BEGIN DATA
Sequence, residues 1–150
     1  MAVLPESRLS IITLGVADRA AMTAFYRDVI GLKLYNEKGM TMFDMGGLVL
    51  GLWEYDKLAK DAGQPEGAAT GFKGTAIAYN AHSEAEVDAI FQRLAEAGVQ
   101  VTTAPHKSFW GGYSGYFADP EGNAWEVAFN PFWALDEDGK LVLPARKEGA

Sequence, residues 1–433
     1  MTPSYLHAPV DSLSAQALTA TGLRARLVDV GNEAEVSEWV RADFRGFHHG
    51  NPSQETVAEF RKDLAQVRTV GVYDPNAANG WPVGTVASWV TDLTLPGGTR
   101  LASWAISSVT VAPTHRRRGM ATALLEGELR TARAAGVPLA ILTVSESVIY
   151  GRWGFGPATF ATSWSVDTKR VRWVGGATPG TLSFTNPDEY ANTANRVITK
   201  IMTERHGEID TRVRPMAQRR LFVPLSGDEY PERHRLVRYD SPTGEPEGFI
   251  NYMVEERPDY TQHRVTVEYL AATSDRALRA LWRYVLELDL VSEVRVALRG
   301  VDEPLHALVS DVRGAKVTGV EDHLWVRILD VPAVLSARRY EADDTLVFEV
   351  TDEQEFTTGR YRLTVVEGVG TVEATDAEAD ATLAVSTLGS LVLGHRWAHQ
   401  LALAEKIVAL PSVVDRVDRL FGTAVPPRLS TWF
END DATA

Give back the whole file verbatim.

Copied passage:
Sequence, residues 1–150
     1  MAVLPESRLS IITLGVADRA AMTAFYRDVI GLKLYNEKGM TMFDMGGLVL
    51  GLWEYDKLAK DAGQPEGAAT GFKGTAIAYN AHSEAEVDAI FQRLAEAGVQ
   101  VTTAPHKSFW GGYSGYFADP EGNAWEVAFN PFWALDEDGK LVLPARKEGA

Sequence, residues 1–433
     1  MTPSYLHAPV DSLSAQALTA TGLRARLVDV GNEAEVSEWV RADFRGFHHG
    51  NPSQETVAEF RKDLAQVRTV GVYDPNAANG WPVGTVASWV TDLTLPGGTR
   101  LASWAISSVT VAPTHRRRGM ATALLEGELR TARAAGVPLA ILTVSESVIY
   151  GRWGFGPATF ATSWSVDTKR VRWVGGATPG TLSFTNPDEY ANTANRVITK
   201  IMTERHGEID TRVRPMAQRR LFVPLSGDEY PERHRLVRYD SPTGEPEGFI
   251  NYMVEERPDY TQHRVTVEYL AATSDRALRA LWRYVLELDL VSEVRVALRG
   301  VDEPLHALVS DVRGAKVTGV EDHLWVRILD VPAVLSARRY EADDTLVFEV
   351  TDEQEFTTGR YRLTVVEGVG TVEATDAEAD ATLAVSTLGS LVLGHRWAHQ
   401  LALAEKIVAL PSVVDRVDRL FGTAVPPRLS TWF